15 24 Events and Activities 26 PULSION 28 PULSION 30 Employees 32 Corporate Governance in 2009 in the US market Stock Report 15 especially comprehensive picture of the patient with PiCCO. An analogy with the car may help to illustrate the difference. Instead of only measuring the speed (in medical terms: cardiac output the volume of blood pumped by the heart in one minute), which in itself does not provide a full picture of motor performance, PiCCO also provides other important measurements. In addition to the number of revs (pulse rate), further measurements are the torque and the engine performance (contractility and cardiac power), the wind and frictional resistance (vascular resistance) and the fuel supply to the engine (cardiac preload). The additional information does not only show that the engine (heart) is unable to bring the car (blood) to a specific speed (since the volume of blood being pumped by the heart is too low); the parameters incorporated into the system also show the reasons for these problems and the measures that can be taken to improve the situation. This is the all-important distinction between a simple and a complete picture. CeVOX Technology CeVOX Technology is designed to continuously monitor oxygen balance (ratio of oxygen supply and demand). It enables the early detection of inadequate oxygen supply, which could result in severe complications. CeVOX therefore serves as an early warning system, enabling the appropriate countermeasures to be undertaken at an early stage. LiMON Technology LiMON Technology is used to evaluate and monitor liver function. This product is used in intensive care medicine for the early detection of complications and to monitor the progress of patients suffering from liver dysfunction and liver failure. In the area of hepatic surgery for example, LiMON is used to monitor liver function, e.g. before and after operations on the liver or a liver transplant. Several studies carried out by leading liver transplantation centers and published in 2009 confirm that the use of LiMON is currently the best way to detect functional problems or potential rejection of a transplanted organ at an early stage, thus enabling the required treatment to be given in good time (reference: Levesque E, Liver Transplantation 2009; Olmedilla L, Liver Transplantation 2009). CiMON Technology CiMON, one of PULSION s newest monitoring systems, provides the medical practitioner with an accurate picture of pressures within the abdomen. This enables the risk of the occurrence of increased abdominal pressure which can have disastrous consequences to be better evaluated, so that the appropriate measures can be taken. CiMON is most commonly employed in abdominal surgery. In 2009, PULSION completed the test market phase for CiMON Technology and commenced normal sales activities.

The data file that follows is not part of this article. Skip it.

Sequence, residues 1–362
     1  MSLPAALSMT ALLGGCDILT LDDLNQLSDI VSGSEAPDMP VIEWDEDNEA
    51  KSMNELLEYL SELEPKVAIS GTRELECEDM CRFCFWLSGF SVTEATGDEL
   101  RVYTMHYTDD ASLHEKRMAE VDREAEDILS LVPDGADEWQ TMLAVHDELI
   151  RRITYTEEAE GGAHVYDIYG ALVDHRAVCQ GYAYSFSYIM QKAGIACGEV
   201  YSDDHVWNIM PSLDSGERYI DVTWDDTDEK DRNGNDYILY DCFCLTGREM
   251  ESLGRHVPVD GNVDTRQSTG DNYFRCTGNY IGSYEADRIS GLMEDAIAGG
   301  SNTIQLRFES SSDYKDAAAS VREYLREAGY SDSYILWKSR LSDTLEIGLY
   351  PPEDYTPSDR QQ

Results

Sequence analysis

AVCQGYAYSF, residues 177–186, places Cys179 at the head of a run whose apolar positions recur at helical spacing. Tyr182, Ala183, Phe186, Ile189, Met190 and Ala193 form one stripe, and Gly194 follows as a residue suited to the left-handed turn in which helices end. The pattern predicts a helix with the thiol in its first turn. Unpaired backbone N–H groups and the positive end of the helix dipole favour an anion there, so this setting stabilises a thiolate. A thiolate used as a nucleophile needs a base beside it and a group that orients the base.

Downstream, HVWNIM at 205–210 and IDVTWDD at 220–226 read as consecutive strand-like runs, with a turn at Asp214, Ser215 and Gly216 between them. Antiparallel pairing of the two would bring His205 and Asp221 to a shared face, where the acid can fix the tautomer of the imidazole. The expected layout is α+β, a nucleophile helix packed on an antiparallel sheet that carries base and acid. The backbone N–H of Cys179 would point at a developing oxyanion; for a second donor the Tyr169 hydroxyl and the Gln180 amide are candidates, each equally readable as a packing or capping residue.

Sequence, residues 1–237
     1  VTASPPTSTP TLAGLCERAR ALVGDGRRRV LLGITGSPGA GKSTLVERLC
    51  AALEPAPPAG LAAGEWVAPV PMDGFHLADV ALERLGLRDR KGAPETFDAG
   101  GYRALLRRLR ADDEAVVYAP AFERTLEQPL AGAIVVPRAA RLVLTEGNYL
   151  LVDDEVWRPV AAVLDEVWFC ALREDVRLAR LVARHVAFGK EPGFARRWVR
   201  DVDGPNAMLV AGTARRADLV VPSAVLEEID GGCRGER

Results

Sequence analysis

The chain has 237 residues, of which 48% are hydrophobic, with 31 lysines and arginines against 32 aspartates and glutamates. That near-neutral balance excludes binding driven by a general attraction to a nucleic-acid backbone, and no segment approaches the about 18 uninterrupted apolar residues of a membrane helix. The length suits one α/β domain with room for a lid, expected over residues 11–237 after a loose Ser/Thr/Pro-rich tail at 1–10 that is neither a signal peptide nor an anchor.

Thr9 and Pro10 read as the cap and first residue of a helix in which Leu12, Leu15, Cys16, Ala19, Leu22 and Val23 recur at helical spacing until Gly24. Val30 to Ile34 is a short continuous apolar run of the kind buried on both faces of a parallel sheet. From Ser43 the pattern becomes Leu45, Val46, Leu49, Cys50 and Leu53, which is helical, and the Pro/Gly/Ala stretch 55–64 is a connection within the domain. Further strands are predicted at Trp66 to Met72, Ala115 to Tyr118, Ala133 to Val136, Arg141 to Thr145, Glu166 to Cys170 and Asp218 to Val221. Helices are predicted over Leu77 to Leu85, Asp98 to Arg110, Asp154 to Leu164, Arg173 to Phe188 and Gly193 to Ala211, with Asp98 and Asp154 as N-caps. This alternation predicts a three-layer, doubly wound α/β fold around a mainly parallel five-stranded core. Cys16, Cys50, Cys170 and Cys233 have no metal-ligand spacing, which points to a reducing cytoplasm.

16 16 08 Brief Company 10 Business Model 12 Business Unit 18 Business Unit 22 Highlights 2009 Profile Critical Care Perfusion Markets and competition The total market for hemodynamic monitoring (cardiovascular monitoring) in the critical care sector is currently growing at over 10% p.a., reaching a level of approximately USD 180 million in Growth in the area of perioperative monitoring was particularly strong. Worldwide, up to three million intensive care patients and up to 15 million patients undergoing surgery could potentially benefit each year from improved hemodynamic monitoring and management. At present, the number of patients benefiting from these healthcare technologies is below 500,000 since these methods have so far not become standard applications. In addition to the largest competitor and market leader, Edwards Lifesciences, and the well-established, but smaller competitors, LiDCO and Deltex, a number of other companies are edging their way into this developing market. This includes Masimo, Cheetah Medical, BMeye and other manufacturers. Whilst PULSION has been able to remain the market leader in the area of intensive care medicine, especialy in Europe, Edwards Lifesciences has recorded very strong growth in the perioperative sector. It is also likely that it will increase the reach of its intensive care medicine business activities in the near future with new products. LiDCO and Deltex also focus primarily on the perioperative sector and wish, ultimately, to gain a foothold in the critical care sector. Strategy PULSION is after its competitor and the market leader, Edwards Lifesciences the second largest provider of advanced hemodynamic monitoring products. The intention is to strengthen and build on this position. The main focus will be placed on the so-called platform strategy which was initiated with the PiCCO 2. Additional technologies and improvements as well as new parameters will be added to the product range in the years 2010 and beyond to provide further benefits for patients and practitioners. This means that the number of areas of application for which PULSION monitoring solutions can be used will increase. A further focus will be on expanding cooperation arrangements with the sector s global players with the aim of broadening the installed base by integrating PULSION s Monitoring technologies into other systems (see also section Business partners ). Targeted expansion of the patent portfolio and other measures to protect PULSION s business will help to raise the value of the company and its business units further. Research and development Intensive research and development work performed in 2008 and 2009 laid the foundation for the introduction of new technologies and products in The main focus has been on physiology, new parameters and algorithms. In addition, PULSION also studies the market and medical literature continuously and keeps abreast of developments in the patent world with a view to identifying potential technologies for integration into the PULSION product range.